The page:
Mud and manure management make a huge difference not only in fecal runoff but in the health of your pastures and animals. Utilize your time and resources to your advantage, let us help! Financial and technical resources are available to help design a farm management plan, manure exchange programs, confinement areas and fencing. Free evaluations and cooperative project design can help your property be part of the solution!
Proper Manure Application
Nutrient management is the practice of utilizing dairy nutrients (manure) to maximize forage and crop growth without degradation of soil and water resources. The Skagit Conservation District Dairy Nutrient Management Program is here to assist licensed dairy operations in complying with the 1998 Washington State Dairy Nutrient Management Act. The Act requires that all licensed dairy operations obtain a conservation district approved and certified nutrient management plan and that all structural and management practices that are prescribed in the plan are implemented.
Pet and Human Waste
To make it easier to put poo in its place and keep it out of our water, pet waste stations and outhouses have been added to recreational sites within the watershed.
Yes, it’s true, birds love Skagit County! Can you blame them? We can address the human caused pollutants far easier than we can natural sources. We cannot control the geese; however we CAN plant native grasses and flowers on our property or along your shoreline to discourage them. Geese avoid native plantings because they fear a predator may be hiding in the taller vegetation and also planting cover crops will help reduce water run-off.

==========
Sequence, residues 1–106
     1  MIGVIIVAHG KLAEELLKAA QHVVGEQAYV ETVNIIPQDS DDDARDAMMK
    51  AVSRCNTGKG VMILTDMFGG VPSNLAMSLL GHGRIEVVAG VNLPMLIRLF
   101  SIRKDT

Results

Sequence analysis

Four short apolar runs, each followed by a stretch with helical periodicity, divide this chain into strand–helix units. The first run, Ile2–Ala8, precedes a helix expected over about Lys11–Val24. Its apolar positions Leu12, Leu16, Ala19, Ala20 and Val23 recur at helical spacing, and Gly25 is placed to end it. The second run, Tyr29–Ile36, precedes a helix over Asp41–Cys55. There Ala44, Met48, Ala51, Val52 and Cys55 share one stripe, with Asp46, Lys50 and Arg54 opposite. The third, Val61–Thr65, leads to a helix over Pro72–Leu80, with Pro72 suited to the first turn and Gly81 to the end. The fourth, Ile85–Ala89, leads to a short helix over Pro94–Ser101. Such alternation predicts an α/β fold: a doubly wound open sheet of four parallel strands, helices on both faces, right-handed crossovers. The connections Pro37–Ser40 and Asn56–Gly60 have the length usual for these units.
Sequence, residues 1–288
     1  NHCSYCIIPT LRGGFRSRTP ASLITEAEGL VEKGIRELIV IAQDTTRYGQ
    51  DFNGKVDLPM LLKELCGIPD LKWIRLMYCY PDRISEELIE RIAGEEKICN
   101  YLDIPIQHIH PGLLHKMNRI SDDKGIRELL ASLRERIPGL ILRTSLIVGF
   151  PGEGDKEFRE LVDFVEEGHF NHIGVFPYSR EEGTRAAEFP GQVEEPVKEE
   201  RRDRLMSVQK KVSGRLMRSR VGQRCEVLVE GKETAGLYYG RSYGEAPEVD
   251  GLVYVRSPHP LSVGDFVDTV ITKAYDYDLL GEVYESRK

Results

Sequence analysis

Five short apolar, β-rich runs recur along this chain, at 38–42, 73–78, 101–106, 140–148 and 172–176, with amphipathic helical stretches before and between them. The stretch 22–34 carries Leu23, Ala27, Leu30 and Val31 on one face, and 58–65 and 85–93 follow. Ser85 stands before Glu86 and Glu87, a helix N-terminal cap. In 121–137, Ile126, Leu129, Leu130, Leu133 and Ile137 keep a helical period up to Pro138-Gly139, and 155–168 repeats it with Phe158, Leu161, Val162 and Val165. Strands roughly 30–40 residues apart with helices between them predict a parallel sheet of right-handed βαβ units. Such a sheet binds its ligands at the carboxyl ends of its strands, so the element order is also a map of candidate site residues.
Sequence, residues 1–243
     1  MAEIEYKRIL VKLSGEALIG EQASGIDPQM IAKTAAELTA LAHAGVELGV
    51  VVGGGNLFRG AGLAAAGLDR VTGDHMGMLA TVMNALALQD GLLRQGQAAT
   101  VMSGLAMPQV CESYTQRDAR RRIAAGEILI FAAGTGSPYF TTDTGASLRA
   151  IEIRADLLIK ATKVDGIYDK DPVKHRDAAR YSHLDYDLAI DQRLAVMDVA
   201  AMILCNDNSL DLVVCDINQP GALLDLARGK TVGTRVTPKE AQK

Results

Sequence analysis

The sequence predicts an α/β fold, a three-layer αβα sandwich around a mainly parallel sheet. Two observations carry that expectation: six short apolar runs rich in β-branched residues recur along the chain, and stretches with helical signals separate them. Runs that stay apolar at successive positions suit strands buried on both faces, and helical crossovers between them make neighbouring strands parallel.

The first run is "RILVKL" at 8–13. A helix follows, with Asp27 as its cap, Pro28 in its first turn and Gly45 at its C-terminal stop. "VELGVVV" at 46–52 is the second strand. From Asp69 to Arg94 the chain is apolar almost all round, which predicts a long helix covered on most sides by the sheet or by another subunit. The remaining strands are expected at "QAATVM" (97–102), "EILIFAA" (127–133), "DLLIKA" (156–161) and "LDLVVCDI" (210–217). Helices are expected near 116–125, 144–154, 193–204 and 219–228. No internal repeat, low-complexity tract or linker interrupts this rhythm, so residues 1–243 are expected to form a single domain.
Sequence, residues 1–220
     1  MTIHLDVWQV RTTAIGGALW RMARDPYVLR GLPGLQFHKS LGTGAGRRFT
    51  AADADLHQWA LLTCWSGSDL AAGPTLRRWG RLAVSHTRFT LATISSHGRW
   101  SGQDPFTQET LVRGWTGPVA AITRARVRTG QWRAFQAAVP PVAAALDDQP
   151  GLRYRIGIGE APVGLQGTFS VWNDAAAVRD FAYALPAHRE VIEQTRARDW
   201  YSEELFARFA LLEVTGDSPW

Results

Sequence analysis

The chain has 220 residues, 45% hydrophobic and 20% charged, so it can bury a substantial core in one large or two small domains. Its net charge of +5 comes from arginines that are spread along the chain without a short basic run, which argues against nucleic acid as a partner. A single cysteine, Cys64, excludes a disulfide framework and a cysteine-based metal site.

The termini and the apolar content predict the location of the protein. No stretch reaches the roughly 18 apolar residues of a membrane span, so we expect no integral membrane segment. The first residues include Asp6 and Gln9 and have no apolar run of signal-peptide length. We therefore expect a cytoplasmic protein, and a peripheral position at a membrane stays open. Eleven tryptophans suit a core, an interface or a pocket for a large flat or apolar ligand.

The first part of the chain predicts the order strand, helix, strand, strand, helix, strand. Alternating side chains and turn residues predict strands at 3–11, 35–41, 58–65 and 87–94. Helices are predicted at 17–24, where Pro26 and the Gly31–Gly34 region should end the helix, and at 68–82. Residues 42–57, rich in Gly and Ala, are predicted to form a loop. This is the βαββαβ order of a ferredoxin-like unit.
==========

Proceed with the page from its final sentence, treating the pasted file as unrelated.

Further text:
What is the CSI doing to help?
An collaborative effort is underway to locate and identify potential sources of fecal coliform that contribute to unsafe levels of bacteria in the Samish watershed, river and bay. Technicians will be collecting water samples from local ditches and streams. The monitoring data is used to follow the bacteria to its source.
Landowners will be contacted to discuss resources that are available to address any issues. Resources include financial assistance with; septic system inspections and repairs, fencing, native plantings, livestock and manure structures. Technical assistance is available from Skagit County and the Skagit Conservation District to help property owners develop Best Management Practices (BMP’s) or farm plans to help preserve the health of their pastures and animals.
The emphasis is on working together to find solutions that work for property owners and help improve the health of our watershed. Working together we can make a difference for today and future generations to come. With your help, the goal of clean, healthy water can be met.
The CSI is a joint partnership effort involving Skagit County, the State Departments of Ecology and Health, the Skagit Conservation District, the Skagit Conservation Education Alliance, the Samish Tribe, the Western Washington Agricultural Association, the Washington State Dairy Federation, EPA, and Taylor Shellfish, among others. The CSI's goal is to achieve both short and long-term pollution reductions in the Samish Basin.